The media can be a crucial battleground in competitive autocracies. In most fully authoritarian countries, all media outlets are owned, controlled and heavily censored by the government, while critical journalists risk exile, imprisonment or murder. In competitive autocracies, where public media is usually dominated by the state, some independent media outlets can be fairly influential. Apart from giving voice to the opposition and independent intellectuals critical of the government, these outlets



often take on watchdog functions and investigate large-scale corruption cases. Therefore, renowned journalists can sometimes turn into important leaders of the democratic opposition. Authoritarian governments employ a wide range of repressive instruments to silence critical voices, including stricter media regulations, bribery, libel laws, arbitrary allocation of government advertising, buying and shutting down opposition outlets or turning them regime-friendly, and other direct and indirect attacks on the owners and editorial staff of print and broadcast media (Ibid., 58).

Authoritarian elections - facade or real contestation?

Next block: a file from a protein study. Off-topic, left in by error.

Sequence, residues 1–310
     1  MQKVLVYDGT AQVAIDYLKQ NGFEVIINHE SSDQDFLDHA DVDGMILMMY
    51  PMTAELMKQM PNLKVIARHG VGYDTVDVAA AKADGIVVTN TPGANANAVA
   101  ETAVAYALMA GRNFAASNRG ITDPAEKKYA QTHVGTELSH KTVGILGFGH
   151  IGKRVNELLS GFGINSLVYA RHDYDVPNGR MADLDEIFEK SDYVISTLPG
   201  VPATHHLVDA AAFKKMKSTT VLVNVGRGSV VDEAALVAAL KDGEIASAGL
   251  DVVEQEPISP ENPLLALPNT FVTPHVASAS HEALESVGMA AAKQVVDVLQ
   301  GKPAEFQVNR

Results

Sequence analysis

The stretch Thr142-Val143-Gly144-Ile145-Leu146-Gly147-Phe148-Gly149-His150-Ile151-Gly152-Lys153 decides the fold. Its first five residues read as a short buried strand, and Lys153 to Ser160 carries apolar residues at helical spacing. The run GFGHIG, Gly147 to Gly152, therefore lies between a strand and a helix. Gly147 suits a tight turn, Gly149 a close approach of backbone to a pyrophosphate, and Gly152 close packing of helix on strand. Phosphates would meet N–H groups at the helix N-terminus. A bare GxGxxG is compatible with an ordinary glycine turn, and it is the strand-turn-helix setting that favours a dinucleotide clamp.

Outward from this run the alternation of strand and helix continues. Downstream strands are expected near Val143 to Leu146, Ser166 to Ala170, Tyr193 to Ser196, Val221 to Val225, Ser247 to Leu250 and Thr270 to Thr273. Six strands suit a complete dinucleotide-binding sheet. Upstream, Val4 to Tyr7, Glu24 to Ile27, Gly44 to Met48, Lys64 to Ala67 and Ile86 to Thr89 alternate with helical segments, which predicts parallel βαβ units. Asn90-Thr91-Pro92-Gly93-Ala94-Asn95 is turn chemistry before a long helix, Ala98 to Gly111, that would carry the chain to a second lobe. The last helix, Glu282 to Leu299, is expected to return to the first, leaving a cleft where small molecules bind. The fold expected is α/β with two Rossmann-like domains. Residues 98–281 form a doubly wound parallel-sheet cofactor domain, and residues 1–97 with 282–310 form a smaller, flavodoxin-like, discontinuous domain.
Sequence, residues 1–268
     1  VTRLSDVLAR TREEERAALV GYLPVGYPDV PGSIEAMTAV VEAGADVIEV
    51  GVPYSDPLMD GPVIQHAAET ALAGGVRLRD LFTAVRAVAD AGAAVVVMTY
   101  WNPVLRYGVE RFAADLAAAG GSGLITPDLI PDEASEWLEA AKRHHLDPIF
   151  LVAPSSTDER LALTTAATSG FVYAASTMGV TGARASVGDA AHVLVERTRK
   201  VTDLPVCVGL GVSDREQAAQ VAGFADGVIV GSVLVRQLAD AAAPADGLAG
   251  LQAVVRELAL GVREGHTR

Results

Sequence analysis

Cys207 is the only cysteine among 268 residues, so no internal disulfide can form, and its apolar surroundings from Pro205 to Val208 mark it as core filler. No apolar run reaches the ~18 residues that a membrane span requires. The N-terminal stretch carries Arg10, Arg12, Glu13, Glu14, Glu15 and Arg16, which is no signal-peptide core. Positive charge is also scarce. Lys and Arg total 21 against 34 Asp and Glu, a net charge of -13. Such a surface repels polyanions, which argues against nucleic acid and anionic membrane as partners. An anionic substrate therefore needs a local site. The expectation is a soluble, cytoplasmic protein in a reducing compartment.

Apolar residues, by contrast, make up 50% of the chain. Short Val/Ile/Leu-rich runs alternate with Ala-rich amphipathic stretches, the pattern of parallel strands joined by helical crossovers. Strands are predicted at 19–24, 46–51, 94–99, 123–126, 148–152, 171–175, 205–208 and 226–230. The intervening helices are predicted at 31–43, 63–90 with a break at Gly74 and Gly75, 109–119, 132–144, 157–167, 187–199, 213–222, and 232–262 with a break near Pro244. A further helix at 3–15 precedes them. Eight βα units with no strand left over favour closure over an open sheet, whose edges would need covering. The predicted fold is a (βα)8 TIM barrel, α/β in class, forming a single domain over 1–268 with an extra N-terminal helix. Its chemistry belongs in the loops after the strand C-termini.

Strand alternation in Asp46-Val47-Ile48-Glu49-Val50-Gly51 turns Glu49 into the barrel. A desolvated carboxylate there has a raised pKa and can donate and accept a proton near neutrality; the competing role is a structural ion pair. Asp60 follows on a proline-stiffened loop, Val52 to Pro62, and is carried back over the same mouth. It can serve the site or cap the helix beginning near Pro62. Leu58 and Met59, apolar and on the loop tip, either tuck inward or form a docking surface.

Competitive and hegemonic authoritarian elections are two fundamentally different institutions. While the former involves real electoral contestation where theoretically both sides have a chance of winning, the latter is usually not more than a carefully constructed ritual that does not produce any substantial changes in the regime. However, even those elections that do not yield a meaningful competition for power can have an important role in the regime’s stability - they can serve as a tool to co-opt rival politicians, members of the ruling party or certain groups within society (Gandhi and Lust-Okar, 2009:405). In non-competitive electoral autocracies, opposition parties generally lack the resources necessary to encourage or pressure people to vote for them. Nevertheless, some voters still support them based on their policy preferences, mainly to express their disagreement with the nature of the regime and the political system as a whole. Support for the opposition is usually lower in rural areas, due to dependence on state patronage and incumbents’ greater control over their constituents through local networks. In some cases, local elites engage in extensive vote buying to win supermajorities even where the opposition is weak, in order to show that challenging the incumbent is futile (Ibid., 409, 413). Urban, middle class voters are generally more likely to vote for opposition parties since they are less reliant on patronage. Gandhi and Lust-Okar (2009:409) argue that opposition support is higher when there is one strong challenger who seems capable of implementing a transition, and when voters believe that others will support them, too. Opposition chances can also be influenced by socio-economic development, previous experiences with democracy, international pressure, and the electoral system itself - a two- round system can facilitate opposition coordination. Therefore, autocrats routinely manipulate elections by changing the electoral system, using malapportionment and gerrymandering, and interfering with the independence of the election commission. However, even openly authoritarian leaders refrain from unrestrained manipulation - unconcealed election fraud could enrage voters, and ensuing protests could lead to the collapse of the regime. External actors can also limit the extent of election manipulation by exerting economic pressure on the regime and sending observer missions - although international election monitoring can push authoritarian incumbents to turn to other types of manipulation such as restricting civil liberties and press freedom (Ibid., 412-416).